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Rise and fall: Risk of Flooding

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21st February, 2020

With recent reports in the media about Antarctica’s Thwaites “Doomsday” glacier melting quicker than expected it seems that sea levels are set to rise.

Closer to home, last year, we’ve had record breaking rain-fall with residents in Whaley Bridge (Peak District) having to evacuate their homes because their local dam threatening to burst. The risks of flooding and coastal erosion are growing due to climate change and the continued increase of the world’s population.

What’s the risk?

The Environment Agency has reported that 1 in 6 UK homes/businesses are at risk of flooding. People and their businesses need to be aware how and when flooding will affect the use, sale and letting of their properties:

  • High costs premiums or large excess costs are common.
  • Some insurers won’t provide cover in some areas.
  • Not all property owners can “take a commercial view” and self-insure because of borrowing/mortgage obligations (i.e. insurance is needed).
Financial Borrowing
  • Banks and lenders will refuse to lend against a property they don’t think they can sell in the event of default
  • Lenders can charge higher repayments in view of their perceived risk of flood damage to their security.
Flood Damage


  • The average cost of building repairs after a flood event is £28,000
  • Water will damage stock, machinery and vehicles.
  • Flood waters close off roads and rail disrupting access and supply lines.
  • There will be temporary and/or permanent accommodation or relocation costs
Planning & Development costs


  • Flooding risk can cause Local Authorities to add planning conditions that can lead to extra cost and time delays. E.g. obligations to provide flood risk/impact assessments on the area, raising the height of building foundations or reducing the number of houses/units or size of a development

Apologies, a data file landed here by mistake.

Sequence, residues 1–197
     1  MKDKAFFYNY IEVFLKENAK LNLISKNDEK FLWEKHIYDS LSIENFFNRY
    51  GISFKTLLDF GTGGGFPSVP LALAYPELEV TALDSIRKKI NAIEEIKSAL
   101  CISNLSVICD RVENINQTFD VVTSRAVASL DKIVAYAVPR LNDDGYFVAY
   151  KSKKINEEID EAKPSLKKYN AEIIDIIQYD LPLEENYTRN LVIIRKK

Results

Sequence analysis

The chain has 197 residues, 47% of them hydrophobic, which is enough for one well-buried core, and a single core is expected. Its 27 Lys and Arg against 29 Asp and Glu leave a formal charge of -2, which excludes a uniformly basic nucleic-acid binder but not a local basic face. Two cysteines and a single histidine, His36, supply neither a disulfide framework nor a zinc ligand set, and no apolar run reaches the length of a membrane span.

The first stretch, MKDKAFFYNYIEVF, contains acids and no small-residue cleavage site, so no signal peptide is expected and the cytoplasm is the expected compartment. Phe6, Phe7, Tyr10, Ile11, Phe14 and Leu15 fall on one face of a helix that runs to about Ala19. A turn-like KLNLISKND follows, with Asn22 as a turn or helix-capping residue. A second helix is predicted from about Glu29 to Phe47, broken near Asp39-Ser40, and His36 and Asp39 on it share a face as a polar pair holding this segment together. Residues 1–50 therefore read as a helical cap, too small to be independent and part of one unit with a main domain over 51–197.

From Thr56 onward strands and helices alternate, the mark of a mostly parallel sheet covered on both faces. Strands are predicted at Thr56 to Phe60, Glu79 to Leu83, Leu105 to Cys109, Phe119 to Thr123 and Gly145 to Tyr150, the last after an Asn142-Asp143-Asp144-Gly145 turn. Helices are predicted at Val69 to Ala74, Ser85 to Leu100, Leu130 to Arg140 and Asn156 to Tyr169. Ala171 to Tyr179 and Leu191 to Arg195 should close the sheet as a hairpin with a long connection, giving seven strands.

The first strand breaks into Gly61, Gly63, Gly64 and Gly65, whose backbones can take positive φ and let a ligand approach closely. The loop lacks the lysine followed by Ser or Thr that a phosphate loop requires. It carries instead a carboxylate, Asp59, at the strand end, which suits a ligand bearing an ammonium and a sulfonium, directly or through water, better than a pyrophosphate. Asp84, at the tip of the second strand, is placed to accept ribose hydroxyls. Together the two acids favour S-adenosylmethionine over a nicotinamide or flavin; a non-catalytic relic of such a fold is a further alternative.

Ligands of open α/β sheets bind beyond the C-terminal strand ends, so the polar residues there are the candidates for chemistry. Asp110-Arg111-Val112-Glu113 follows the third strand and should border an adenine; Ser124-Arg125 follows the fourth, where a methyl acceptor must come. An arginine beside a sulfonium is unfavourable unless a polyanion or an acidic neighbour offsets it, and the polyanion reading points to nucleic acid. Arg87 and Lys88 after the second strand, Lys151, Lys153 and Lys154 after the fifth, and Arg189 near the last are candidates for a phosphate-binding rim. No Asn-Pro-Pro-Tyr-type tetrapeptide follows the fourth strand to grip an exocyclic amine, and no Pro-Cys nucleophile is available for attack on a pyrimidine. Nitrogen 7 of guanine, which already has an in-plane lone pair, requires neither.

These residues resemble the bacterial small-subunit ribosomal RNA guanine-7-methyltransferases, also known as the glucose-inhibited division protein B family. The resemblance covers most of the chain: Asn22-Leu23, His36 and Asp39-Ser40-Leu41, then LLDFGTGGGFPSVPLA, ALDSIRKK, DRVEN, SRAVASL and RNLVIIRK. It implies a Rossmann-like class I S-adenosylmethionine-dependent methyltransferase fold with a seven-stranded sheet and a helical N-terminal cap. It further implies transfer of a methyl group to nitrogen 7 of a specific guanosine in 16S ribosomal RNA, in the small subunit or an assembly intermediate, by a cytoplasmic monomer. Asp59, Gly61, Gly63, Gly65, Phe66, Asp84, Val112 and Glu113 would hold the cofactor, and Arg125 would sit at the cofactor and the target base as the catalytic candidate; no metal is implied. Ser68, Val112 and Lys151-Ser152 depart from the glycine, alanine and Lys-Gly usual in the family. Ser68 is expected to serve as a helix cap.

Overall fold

• There are separate planning regimes and regulations in England and Wales with different thresholds and tolerances to flood risk.
  • Flood waters mix with sewage and other pollutants on the land leading to the spread of illness and disease.
  • Dealing with flood risk and the aftermath can cause stress and anxiety.


Forewarned is forearmed (Enquiries & Searches)

Asking a prospective seller or landlord for further details of historic flooding is a good start. If they are not forthcoming asking a neighbour is a good idea too.

Its standard practice in property transactions to obtain a flood risk search report. The report uses data from land, weather, environmental and insurance agencies to provide a risk assessment from all four main types of flooding (river, coastal, groundwater and surface water).

The risk of flooding doesn’t stand still and can flow up as well as down. Adjustments to land upstream will be felt downstream. Changes to land use and development over time can affect the risk. E.g. changes to flood defences displace water to other areas. Building homes and roads on farm land causes water to move into drains and rivers at a faster rate.

There is a risk! – Don’t panic!

Just because there is a risk of flooding doesn’t mean a property deal is swept away. Thought needs to be given to the level of risk involved. If it’s low, parties (including insurers and banks) will agree to press on. If the risk of flooding is high, prospective purchasers and tenants could consider:

The Price


Agreeing a lower price, premium or lease rent will help to provide cover. The funds saved could be used on improving protections or paying improved (higher) insurance policy costs and excesses
Optimal use


Review and change the use the Property to reduce risks. Can electrical equipment and papers be kept upstairs, away from potential flood waters? Can valuable belongings or stock be made easy to move to be kept high and dry?
Property protection measures


Can any additions or alterations be made to the Property to manage flood risk? A prospective purchaser or tenant may ask that works are undertaken before they go further. These fall into two camps:

1) Flood resistance – measures that stop or slow water ingress. E.g. barriers on doors and windows or tanking the external walls; or

2) Flood resilience – measures to limit flood damage and improve repair/recovery after a flood. E.g. using water resistant plaster, swapping wooden floors and panelling with plastic/concrete composites and mounting electric fittings higher up walls.

Risk Assessment


How will flooding affect you? After a flood what do you need to do to get back on your feet? What support or items will you need after a flood? Where are you going to get these from?
Local support


Are there any plans from the Local Council, Environment Agency or Natural Resources Wales to make improvements to flood defences nearby? Will they help protect your property? When will the changes be made?
Joseph Fletcher-Hunt

Real Estate

Email: [email protected]
Tel: 01244 405 526

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